Monday, August 22, 2011

Rise of the Planet of the Apes

Viva la ape revolution!

I'm of the type that likes animals more than people. When I enter someone's home for the first time, I often spend more time bonding with their pets than with them. I also really love going to the zoo, and I always save the apes for last, because I like to just hang out and watch the orangutans for as long as possible. So what I'm basically telling you is, this review is biased.

However I do think most people would enjoy Rise of the Planet of the Apes as much as I did. It has a strong emotional story both for the humans and the apes, and a great action packed climax. There are top notched performances here from James Franco, John Lithgow, and Andy Serkis. But chances are you've probably heard all that already. You've probably also heard that Tom Felton is pretty bad. Perhaps I'm a little more forgiving than most, but my feeling was that it wasn't necessarily his performance as much as the role he was given. My dad whispered to me in the middle of the movie "He's the entire reason for the rise of the apes!" and there's a lot of truth to that joke: both he and the "evil CEO" played by David Oyelowo are very one note characters who basically serve as examples of human evil and nothing more. They are balanced out by more moral characters in both their environments, but it would be nice if we could see some complexity within both characters.

This isn't the only place in the film where enough thought wasn't put into the story. Caesar, the ape who begins the revolution, is born and saved because somehow no one at the facility noticed they had a pregnant ape in their care, and no one noticed when she gave birth to him either. That's a severe suspension of disbelief given that we see Franklin, their main caregiver, is a very caring individual. Once Caesar is saved, we fast forward three years, and then another additional five. It's necessary because Caesar has to grow up, but it creates some lapse in logic in regards to what is going on with some of the human characters.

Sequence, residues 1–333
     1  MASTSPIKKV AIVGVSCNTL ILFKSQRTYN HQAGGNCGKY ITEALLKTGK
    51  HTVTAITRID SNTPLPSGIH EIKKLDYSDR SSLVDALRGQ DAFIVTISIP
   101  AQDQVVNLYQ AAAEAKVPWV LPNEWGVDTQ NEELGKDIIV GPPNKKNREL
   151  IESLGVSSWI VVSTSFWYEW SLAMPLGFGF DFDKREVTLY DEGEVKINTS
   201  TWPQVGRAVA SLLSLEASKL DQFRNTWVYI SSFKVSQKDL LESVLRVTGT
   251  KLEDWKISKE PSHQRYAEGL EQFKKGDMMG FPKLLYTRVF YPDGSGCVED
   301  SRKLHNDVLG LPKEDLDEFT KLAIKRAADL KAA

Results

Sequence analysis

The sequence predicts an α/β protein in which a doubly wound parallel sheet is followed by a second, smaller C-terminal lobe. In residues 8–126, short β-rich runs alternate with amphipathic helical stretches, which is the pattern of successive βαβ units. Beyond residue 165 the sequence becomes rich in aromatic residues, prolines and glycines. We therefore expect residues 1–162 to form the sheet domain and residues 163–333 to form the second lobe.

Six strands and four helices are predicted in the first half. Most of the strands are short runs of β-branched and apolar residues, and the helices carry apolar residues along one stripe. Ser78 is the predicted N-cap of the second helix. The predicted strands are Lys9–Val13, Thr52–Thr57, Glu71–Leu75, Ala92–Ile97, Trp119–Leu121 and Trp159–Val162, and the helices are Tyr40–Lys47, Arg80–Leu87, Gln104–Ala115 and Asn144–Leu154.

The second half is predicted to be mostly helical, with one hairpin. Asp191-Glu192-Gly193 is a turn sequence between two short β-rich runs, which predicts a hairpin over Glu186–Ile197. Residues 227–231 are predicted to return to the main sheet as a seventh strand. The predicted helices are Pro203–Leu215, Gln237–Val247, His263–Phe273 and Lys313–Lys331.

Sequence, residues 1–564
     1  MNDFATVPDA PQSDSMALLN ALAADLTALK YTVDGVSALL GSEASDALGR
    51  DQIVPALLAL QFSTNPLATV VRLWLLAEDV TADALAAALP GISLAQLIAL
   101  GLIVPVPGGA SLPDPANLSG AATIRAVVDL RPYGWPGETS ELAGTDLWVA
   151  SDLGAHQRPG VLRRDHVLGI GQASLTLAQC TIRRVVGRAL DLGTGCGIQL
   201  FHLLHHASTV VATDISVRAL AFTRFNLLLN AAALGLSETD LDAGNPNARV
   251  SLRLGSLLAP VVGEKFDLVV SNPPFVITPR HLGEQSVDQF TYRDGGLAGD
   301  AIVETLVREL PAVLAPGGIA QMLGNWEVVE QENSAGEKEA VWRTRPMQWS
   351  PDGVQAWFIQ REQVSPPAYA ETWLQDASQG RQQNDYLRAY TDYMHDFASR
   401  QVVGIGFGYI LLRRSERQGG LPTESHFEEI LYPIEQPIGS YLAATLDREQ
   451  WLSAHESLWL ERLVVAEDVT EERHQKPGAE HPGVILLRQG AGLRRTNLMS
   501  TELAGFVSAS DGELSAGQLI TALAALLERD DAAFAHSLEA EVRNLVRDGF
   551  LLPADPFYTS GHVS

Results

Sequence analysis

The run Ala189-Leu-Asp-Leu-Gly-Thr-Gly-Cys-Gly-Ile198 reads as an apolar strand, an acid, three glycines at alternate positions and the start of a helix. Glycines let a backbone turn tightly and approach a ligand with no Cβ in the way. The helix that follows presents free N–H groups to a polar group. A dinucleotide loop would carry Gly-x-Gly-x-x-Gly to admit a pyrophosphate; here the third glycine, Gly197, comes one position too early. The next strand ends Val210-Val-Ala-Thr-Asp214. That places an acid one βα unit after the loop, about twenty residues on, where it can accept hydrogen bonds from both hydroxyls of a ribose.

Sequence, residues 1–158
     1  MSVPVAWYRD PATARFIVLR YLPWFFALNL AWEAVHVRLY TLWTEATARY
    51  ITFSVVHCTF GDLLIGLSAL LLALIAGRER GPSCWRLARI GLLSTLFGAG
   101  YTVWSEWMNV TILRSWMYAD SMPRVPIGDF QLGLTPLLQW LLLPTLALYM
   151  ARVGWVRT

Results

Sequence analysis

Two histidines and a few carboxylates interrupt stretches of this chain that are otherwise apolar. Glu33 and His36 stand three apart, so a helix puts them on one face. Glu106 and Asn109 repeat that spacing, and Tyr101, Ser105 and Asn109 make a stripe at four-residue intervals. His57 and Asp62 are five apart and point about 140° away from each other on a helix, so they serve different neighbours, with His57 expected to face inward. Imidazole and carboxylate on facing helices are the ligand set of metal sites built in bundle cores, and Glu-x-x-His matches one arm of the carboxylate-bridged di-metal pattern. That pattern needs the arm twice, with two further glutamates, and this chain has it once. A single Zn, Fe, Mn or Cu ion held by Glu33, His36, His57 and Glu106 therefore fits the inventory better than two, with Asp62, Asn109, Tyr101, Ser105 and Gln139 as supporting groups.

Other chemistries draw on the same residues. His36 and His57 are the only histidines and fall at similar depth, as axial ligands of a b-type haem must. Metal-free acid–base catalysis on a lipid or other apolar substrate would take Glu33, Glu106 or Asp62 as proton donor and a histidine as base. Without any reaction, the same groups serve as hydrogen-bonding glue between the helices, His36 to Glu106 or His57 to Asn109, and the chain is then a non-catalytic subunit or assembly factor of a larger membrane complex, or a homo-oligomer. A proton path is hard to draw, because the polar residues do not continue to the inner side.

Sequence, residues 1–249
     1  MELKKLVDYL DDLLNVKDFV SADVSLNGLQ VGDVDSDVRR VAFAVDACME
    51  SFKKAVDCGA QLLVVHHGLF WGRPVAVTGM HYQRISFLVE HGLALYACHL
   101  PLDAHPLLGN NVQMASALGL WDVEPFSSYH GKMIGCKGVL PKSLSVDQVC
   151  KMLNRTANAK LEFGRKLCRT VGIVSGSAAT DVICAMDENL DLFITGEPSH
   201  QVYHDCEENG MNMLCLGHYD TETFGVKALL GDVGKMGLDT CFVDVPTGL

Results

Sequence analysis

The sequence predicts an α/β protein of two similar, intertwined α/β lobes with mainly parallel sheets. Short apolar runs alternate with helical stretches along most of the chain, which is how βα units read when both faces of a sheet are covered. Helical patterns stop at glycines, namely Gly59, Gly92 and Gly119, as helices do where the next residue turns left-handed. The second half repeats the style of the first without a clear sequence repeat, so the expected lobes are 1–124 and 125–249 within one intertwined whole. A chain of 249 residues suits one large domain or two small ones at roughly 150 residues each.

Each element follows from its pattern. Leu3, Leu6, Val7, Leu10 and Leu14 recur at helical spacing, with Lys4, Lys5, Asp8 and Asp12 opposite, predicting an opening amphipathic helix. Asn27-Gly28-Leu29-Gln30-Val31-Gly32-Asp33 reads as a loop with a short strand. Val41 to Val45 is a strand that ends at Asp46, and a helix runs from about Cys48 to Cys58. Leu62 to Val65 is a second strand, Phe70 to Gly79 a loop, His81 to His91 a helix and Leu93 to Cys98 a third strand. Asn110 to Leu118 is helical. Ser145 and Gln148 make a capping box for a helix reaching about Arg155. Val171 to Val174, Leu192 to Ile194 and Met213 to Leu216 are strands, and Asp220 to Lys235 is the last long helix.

None of the above problems actually hurt the film. There is a part of me that would have liked to see real apes play a role in this film, but of course the CGI allows us to not have to fake abuse or force animals to do something unnatural for them, so I can't really complain about that either. I quickly fell in love with Maurice, the orangutan character who reminded me greatly of the large orangutan we used to have at the Audubon Zoo who I had affectionately nicknamed Trashheap. While Maurice only speaks in sign language, we still get some insight into his personality even before he is exposed to the virus and I think that is a great thing. The same can be said for Buck, the gorilla who cannot communicate at all, yet we still really feel for him in his situation.

These glimpses into the apes' feelings escalate until we get a fantastic emotional payoff when they escape. I've seen other people complain about the CGI in parts, but I had no such complaints. I thought they looked and felt as real as can be expected. I found myself on the edge of my seat for most of this sequence, mostly rooting for the apes though I also felt for James Franco's character. The end is predictable but still very satisfying.

I think it's almost impossible to spoil this movie, because as a prequel we all know where it ends up. There has been talk of sequels to this film, but beyond a reboot of the franchise, I'd rather not see that. I think this movie tells us everything we need to know before watching the original Planet of the Apes, and I personally wouldn't want to see an additional film set between the two. Of course I have to admit that I am largely guessing here, as I have not actually seen the original. I've seen the Tim Burton remake, which I was pretty lukewarm about. I plan to watch the original very soon - I've got a tab sitting open to rent it via Amazon Instant Watch.

If you're sitting on the fence, I highly recommend going to see this. Since you know the ending already, all you're really worried about is the journey, and I can tell you it is a good one.

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